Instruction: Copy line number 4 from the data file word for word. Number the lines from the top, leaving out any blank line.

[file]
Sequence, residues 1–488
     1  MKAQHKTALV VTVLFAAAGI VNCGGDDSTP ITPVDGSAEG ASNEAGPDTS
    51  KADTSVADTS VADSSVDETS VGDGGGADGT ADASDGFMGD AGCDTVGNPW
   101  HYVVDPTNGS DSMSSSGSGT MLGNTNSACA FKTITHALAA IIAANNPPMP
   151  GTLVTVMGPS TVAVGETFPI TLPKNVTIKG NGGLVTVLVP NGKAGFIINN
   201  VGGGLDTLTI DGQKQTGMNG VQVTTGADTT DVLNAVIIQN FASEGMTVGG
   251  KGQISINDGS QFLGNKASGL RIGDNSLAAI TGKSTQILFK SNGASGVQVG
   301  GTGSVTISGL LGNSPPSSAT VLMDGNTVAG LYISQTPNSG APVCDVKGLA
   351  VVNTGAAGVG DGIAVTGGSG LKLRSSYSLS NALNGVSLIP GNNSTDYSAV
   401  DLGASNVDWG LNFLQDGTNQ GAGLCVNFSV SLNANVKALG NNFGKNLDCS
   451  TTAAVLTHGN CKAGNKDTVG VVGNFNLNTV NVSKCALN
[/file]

   101  HYVVDPTNGS DSMSSSGSGT MLGNTNSACA FKTITHALAA IIAANNPPMP